Asean must move on from death of TPP, forge new paths to economic integration: Lim Hng Kiang

SINGAPORE – Asean will continue to offer strong economic opportunities, with the Republic in a plum position to benefit, Minister for Trade and Industry (Trade) Lim Hng Kiang told the American Chamber of Commerce in Singapore (AmCham Singapore) and other business representatives on Tuesday (Sept 12).

He said that there is “strong political will” to forge ahead with regional trade agreements, in spite of US President Donald Trump’s withdrawal from the Trans-Pacific Partnership (TPP) trade agreement.

Ties between the regional bloc and the United States must also deepen, with Mr Lim adding that the Republic has tangible goals to improve connectivity as it gears up to take on chairmanship in 2018.

“A more economically integrated region will bring opportunities for our businesses and citizens, through the elimination of tariffs and preferential access in these markets.”

Alternatives to the TPP include a deal among its remaining 11 members, as well as the planned Regional Comprehensive Economic Partnership among Asean, China, Japan, South Korea, India and New Zealand.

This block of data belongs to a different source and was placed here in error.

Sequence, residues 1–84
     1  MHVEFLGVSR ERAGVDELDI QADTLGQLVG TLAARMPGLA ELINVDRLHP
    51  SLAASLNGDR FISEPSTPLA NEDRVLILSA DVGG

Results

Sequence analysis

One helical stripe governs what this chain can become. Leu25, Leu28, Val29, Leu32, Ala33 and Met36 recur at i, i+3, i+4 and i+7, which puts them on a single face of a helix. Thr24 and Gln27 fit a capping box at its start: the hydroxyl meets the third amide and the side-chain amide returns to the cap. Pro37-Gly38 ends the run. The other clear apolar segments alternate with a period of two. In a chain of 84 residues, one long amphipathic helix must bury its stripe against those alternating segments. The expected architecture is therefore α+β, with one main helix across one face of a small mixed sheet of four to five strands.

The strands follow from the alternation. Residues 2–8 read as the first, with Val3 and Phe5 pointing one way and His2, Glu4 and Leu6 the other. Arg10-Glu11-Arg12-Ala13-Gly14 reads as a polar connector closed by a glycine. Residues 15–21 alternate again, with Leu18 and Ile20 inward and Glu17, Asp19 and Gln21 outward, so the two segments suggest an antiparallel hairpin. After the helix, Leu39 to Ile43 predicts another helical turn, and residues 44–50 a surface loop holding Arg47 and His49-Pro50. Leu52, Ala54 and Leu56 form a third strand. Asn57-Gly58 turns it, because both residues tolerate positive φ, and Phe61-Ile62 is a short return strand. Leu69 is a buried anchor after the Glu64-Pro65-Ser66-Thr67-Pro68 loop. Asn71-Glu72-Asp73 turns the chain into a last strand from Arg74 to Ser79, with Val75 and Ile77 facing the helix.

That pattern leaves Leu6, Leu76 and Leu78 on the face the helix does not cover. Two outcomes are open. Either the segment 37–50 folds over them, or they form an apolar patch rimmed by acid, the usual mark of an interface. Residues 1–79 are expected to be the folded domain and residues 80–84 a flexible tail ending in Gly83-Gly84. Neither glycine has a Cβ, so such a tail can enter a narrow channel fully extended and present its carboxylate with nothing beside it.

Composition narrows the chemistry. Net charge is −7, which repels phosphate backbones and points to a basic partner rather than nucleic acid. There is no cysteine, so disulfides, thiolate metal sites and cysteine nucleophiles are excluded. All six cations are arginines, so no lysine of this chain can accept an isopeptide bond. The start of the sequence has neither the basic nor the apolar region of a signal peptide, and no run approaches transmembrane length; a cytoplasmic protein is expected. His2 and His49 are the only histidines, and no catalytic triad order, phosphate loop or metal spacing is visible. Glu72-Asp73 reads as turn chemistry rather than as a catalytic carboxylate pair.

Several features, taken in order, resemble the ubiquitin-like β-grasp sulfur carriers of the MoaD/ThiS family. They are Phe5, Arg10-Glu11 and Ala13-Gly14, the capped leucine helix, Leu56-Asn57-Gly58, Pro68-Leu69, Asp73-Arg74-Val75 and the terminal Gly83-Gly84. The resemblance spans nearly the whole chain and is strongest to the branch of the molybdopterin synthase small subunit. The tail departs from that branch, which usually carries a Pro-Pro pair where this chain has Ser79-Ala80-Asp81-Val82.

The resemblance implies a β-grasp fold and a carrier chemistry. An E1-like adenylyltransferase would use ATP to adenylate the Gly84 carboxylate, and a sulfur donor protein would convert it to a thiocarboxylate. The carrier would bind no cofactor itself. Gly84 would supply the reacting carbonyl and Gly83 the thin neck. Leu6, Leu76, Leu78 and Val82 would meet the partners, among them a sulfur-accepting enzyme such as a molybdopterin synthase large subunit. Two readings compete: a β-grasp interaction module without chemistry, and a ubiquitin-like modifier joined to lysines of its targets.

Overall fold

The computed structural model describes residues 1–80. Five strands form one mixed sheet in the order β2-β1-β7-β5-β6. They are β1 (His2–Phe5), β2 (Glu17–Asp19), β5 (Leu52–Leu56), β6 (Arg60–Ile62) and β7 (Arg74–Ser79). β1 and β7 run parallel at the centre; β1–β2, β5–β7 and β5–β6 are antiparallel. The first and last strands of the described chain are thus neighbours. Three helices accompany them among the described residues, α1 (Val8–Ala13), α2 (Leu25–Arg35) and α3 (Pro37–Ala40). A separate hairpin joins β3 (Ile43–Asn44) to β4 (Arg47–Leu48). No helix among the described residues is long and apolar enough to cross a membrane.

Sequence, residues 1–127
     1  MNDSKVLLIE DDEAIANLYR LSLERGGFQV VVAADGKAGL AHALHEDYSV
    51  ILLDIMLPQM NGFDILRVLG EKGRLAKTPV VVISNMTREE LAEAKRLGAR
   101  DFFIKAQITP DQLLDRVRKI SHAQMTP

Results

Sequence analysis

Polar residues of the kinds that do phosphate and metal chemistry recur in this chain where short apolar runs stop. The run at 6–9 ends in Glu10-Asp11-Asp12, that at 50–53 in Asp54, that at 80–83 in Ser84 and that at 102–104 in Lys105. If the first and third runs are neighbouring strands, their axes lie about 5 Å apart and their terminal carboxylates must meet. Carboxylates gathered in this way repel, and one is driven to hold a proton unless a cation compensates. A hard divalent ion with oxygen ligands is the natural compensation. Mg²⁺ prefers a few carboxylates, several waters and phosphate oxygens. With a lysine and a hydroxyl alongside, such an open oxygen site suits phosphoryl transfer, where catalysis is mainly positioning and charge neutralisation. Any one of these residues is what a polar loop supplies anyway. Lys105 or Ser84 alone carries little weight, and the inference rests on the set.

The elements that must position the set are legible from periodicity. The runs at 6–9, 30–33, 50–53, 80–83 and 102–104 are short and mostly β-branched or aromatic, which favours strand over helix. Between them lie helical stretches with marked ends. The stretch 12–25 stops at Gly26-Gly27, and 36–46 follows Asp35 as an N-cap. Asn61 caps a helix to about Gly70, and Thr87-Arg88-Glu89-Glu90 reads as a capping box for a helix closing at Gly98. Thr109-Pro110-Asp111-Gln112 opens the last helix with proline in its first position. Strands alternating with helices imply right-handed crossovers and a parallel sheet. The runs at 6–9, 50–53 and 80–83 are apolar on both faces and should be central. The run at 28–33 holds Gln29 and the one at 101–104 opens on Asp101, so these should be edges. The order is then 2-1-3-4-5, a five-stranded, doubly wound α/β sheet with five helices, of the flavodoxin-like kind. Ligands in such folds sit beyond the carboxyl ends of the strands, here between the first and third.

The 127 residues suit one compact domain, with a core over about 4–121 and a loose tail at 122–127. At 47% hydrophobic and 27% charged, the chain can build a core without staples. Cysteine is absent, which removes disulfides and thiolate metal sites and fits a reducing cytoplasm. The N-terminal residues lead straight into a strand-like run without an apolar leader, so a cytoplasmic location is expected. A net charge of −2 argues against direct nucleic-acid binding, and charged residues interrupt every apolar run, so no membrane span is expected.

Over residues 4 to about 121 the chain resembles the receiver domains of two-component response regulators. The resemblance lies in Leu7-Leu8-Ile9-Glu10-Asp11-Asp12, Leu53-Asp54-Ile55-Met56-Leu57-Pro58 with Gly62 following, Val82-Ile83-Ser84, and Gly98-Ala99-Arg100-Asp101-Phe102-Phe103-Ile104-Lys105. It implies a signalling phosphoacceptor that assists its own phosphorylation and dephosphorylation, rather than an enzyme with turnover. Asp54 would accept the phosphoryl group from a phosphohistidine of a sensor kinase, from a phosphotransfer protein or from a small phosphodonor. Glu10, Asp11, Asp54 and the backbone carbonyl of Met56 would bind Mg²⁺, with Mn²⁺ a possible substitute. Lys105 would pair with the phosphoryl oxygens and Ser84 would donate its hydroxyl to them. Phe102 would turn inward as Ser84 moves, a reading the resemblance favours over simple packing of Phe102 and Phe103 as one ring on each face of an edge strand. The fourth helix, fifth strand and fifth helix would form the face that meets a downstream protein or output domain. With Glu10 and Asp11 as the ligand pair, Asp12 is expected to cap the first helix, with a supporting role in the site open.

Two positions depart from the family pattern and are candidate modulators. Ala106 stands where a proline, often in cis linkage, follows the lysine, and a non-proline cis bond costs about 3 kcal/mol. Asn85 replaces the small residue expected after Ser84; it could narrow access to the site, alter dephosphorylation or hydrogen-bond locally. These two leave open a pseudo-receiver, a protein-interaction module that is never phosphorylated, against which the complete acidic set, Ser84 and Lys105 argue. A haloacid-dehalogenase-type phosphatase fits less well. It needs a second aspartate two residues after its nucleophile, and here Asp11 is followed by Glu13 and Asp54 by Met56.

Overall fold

While Singapore had hopes to benefit from the original TPP, Mr Lim said: “We are all adults and we have to move on.”

Also in the pipeline for Asean are regional trade rules on e-commerce and working towards a single customs window, boosting market access and lowering costs.

“Particularly in this increasingly digitalised global environment, we will need to work together to leverage our strengths, learn from each other’s best practices and streamline our regulatory regimes to enhance the opportunities for business,” said Mr Lim.

He noted that US foreign direct investment in Asean hit US$306 billion (S$411.9 billion) in 2016, with Singapore taking the lion’s share of US$258 billion.

Still, challenges include the need for more sectorally targeted approaches to keep the Singapore economy nimble, as well as the dwindling local labour force as workers retire.

“So we have to work more vigorously on the quality and productivity of our workforce,” Mr Lim said, during a question-and-answer session moderated by AmCham board of governors chairman Dwight Hutchins of consulting firm Accenture.